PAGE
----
Articles

The organisational response of a hospital critical care service to the COVID-19 pandemic: The Groote Schuur Hospital experience

W Michell, I Joubert, S Peters, D Fredericks, M Miller, J Piercy, C Arnold-Day, D Thomson, R vanZyl-Smit, G Calligaro, G Strathie, P Semple, R Hofmeyr, D Peters, K Dheda

Abstract


Background. There are limited data about the coronavirus disease-19 (COVID-19)-related organisational responses and the challenges of expanding a critical care service in a resource-limited setting.

Objectives. To describe the ICU organisational response to the pandemic and the main outcomes of the intensive care service of a large state teaching hospital in South Africa.

Methods. Data were extracted from administrative records and a prospective patient database with ethical approval. An ICU expansion plan was developed, and resource constraints identified. A triage tool was distributed to referring wards and hospitals. Intensive care was reserved for patients who required invasive mechanical ventilation (IMV). The total number of ICU beds was increased from 25 to 54 at peak periods, with additional non-COVID ICU capacity required during the second wave. The availability of nursing staff was the main factor limiting expansion. A ward-based high flow nasal oxygen (HFNO) service reduced the need for ICU admission of patients who failed conventional oxygen therapy. A team was established to intubate and transfer patients requiring ICU admission but was only available for the first wave.

Results. We admitted 461 COVID-19 patients to the ICU over a 13-month period from 5 April 2020 to 5 May 2021 spanning two waves of admissions. The median age was 50 years and duration of ICU stay was 9 days. More than a third of the patients (35%; n=161) survived to hospital discharge.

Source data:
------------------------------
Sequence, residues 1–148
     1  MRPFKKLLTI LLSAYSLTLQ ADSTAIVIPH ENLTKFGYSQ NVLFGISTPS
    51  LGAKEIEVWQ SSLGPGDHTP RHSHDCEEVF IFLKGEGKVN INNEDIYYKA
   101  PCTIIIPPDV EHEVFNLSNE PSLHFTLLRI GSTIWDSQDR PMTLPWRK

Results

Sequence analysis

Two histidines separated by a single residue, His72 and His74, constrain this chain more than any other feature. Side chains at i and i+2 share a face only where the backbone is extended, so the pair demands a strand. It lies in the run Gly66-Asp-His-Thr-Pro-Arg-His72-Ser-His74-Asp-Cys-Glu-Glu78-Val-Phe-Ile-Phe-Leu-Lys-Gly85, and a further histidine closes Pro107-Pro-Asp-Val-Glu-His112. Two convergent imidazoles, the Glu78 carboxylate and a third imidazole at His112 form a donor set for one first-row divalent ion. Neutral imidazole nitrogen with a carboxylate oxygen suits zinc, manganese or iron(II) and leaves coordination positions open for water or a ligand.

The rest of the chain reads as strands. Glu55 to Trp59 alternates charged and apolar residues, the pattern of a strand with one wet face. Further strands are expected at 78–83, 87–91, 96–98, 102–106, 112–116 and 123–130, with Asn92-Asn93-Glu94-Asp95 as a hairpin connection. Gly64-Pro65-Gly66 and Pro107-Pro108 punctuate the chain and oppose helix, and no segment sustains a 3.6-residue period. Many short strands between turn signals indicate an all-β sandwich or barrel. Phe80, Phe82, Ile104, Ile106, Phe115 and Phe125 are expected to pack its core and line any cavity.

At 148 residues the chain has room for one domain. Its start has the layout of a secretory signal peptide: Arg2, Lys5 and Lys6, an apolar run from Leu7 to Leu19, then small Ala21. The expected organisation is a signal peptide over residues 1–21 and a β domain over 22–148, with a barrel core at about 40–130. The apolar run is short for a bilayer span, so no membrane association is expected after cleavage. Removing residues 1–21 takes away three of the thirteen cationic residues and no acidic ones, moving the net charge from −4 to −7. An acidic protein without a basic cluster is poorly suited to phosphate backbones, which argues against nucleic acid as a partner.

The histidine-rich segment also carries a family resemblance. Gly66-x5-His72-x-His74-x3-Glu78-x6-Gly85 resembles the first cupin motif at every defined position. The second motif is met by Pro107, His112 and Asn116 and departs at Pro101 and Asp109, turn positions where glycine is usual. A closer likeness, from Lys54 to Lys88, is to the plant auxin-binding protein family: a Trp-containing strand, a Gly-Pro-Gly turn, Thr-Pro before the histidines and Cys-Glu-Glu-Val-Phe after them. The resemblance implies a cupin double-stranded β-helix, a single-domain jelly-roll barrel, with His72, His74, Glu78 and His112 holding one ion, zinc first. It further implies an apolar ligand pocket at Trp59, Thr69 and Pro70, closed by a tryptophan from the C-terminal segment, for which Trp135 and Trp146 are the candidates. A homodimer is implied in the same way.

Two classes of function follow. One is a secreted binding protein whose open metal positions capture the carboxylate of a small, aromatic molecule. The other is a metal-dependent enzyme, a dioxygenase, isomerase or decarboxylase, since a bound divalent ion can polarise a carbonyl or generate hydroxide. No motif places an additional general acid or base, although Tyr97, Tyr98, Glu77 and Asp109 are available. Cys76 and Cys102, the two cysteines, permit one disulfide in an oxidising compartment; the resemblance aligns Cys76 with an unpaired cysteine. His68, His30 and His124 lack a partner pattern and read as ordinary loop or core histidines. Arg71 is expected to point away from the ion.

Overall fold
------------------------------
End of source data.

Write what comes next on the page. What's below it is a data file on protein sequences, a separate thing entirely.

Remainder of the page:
Conclusions. Pre-planning, leadership, teamwork, flexibility and good communication were essential elements for an effective response. A  shortage of nurses was the main constraint on ICU expansion. HFNO may have reduced the requirement for ICU admission, but patients intubated after failing HFNO had a poor prognosis.


Authors' affiliations

W Michell, Division of Critical Care, Groote Schuur Hospital, Cape Town, South Africa; Division of General Surgery, Department of Surgery, Faculty of Health Sciences, University of Cape Town, South Africa

I Joubert, Division of Critical Care, Groote Schuur Hospital, Cape Town, South Africa; Division of Critical Care, Department of Anaesthesia and Perioperative Medicine, University of Cape Town, South Africa

S Peters, School of Public Health & Family Medicine, Faculty of Health Sciences, University of Cape Town, South Africa

D Fredericks, Division of Critical Care, Groote Schuur Hospital, Cape Town, South Africa; Division of Critical Care, Department of Anaesthesia and Perioperative Medicine, University of Cape Town, South Africa

M Miller, Division of Critical Care, Groote Schuur Hospital, Cape Town, South Africa; Division of Critical Care, Department of Anaesthesia and Perioperative Medicine, University of Cape Town, South Africa

J Piercy, Division of Critical Care, Groote Schuur Hospital, Cape Town, South Africa; Division of Critical Care, Department of Anaesthesia and Perioperative Medicine, University of Cape Town, South Africa

C Arnold-Day, Division of Critical Care, Groote Schuur Hospital, Cape Town, South Africa; Division of Critical Care, Department of Anaesthesia and Perioperative Medicine, University of Cape Town, South Africa

D Thomson, Division of Critical Care, Groote Schuur Hospital, Cape Town, South Africa; Division of General Surgery, Department of Surgery, Faculty of Health Sciences, University of Cape Town, South Africa

R vanZyl-Smit, Division of Critical Care, Groote Schuur Hospital, Cape Town, South Africa; Division of Pulmonology, Department of Medicine and UCT Lung Institute, Faculty of Health Sciences, University of Cape Town, South Africa

G Calligaro, Division of Critical Care, Groote Schuur Hospital, Cape Town, South Africa; Division of Pulmonology, Department of Medicine and UCT Lung Institute, Faculty of Health Sciences, University of Cape Town, South Africa

G Strathie, Division of Critical Care, Groote Schuur Hospital, Cape Town, South Africa

P Semple, Division of Neurosurgery, Department of Surgery, Faculty of Health Sciences, University of Cape Town, South Africa

R Hofmeyr, Department of Anaesthesia and Perioperative Medicine, Faculty of Health Sciences, University of Cape Town, South Africa

D Peters, Division of Critical Care, Groote Schuur Hospital, Cape Town, South Africa

K Dheda, Division of Critical Care, Groote Schuur Hospital, Cape Town, South Africa; Division of Pulmonology, Department of Medicine and UCT Lung Institute, Faculty of Health Sciences, University of Cape Town, South Africa

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Cite this article

Southern African Journal of Critical Care 2021;37(2):63-69. DOI:10.7196/SAJCC.2021.v37i2.503

Article History

Date submitted: 2021-08-06
Date published: 2021-08-06

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